Monday, October 09, 2006

When "serious" writers sink so low as to write stories with plots ...

... they write crime novels. Michael Dibdin reviews John Banville's Christine Falls, which Banville wrote under the name Benjamin Black. The review is full of cute (or cutesy) lines such as "Intercourse between the detective story and mainstream fiction is traditionally regarded as one of those things we don't mention, though everyone knows it goes on."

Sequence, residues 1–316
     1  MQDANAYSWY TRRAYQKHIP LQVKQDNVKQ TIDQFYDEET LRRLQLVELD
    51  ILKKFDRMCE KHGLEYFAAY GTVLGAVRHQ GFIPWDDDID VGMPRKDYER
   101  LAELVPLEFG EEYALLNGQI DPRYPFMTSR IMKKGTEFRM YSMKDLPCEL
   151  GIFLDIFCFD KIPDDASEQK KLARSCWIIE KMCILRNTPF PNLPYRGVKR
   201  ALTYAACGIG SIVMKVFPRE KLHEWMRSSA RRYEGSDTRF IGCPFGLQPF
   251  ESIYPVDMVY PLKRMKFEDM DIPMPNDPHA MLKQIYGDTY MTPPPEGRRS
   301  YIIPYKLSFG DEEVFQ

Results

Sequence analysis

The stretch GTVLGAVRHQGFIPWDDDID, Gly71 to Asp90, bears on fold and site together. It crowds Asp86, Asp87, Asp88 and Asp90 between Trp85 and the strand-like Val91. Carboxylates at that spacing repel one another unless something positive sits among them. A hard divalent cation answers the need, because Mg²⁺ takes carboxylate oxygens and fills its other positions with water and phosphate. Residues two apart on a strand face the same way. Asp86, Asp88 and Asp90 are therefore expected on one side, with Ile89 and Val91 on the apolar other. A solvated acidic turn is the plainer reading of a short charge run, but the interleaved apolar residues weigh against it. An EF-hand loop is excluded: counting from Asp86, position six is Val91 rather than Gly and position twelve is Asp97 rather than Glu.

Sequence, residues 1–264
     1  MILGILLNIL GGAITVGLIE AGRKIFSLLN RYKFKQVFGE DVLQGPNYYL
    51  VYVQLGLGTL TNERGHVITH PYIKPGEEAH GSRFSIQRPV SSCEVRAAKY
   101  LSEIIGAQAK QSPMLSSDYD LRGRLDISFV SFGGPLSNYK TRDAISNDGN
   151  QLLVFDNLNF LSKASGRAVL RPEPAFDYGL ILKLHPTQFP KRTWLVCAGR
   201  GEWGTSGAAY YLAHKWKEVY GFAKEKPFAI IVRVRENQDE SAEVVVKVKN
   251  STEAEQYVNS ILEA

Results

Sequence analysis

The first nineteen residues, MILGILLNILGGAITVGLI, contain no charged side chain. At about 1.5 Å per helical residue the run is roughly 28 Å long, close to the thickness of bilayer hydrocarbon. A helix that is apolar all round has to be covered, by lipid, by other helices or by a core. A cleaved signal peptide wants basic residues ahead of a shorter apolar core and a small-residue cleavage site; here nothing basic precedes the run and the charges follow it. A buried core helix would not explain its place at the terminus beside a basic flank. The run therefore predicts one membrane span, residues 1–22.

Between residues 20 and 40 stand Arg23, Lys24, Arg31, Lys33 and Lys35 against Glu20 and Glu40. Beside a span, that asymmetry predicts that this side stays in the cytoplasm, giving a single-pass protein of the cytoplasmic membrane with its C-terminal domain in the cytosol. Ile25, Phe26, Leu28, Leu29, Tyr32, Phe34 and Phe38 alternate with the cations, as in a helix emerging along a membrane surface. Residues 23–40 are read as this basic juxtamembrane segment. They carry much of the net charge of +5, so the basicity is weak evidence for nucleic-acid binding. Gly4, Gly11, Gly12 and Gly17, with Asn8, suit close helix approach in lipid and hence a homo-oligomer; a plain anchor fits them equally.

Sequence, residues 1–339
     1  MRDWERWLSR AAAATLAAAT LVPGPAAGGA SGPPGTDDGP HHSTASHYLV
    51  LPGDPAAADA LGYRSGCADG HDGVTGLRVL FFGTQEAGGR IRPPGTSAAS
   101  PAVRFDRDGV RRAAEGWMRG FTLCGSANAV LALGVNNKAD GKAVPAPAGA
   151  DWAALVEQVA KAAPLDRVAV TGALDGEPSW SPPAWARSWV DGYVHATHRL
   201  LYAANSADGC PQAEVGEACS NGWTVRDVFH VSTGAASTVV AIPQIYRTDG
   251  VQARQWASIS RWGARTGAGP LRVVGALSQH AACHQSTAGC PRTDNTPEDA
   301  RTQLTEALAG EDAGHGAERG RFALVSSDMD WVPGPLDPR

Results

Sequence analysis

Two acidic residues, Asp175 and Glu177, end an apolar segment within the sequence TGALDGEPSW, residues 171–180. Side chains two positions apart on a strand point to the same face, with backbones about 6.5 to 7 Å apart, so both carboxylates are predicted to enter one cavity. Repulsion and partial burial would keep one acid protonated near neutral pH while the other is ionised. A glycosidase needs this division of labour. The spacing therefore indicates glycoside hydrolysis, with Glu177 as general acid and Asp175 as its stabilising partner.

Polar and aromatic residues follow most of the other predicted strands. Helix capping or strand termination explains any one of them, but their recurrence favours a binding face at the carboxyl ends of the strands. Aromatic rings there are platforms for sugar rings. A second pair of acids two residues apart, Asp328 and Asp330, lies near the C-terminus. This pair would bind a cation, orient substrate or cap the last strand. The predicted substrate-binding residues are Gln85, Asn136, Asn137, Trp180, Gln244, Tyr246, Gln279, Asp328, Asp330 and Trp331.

Dibdin makes an especially interesting point about the test Banville set for himself in writing a crime novel: Can he plot?:

"The answer is yes. It's almost impossible to tell someone who hasn't read it what Banville's prizewinning novel The Sea is 'about,' but the problem with Christine Falls is saying anything at all without ruining a compelling novel set in the redolent, boozy, dank, stifling Dublin of the 1950s, a city dominated by a tight-lipped and even more tightly networked mafia made up of a few prominent clans."

So, when "serious" writers want to tell a story, they're not afraid to write a crime novel, even though they do so under an assumed name (unless they're Joyce Carol Oates).

© Peter Rozovsky 2006

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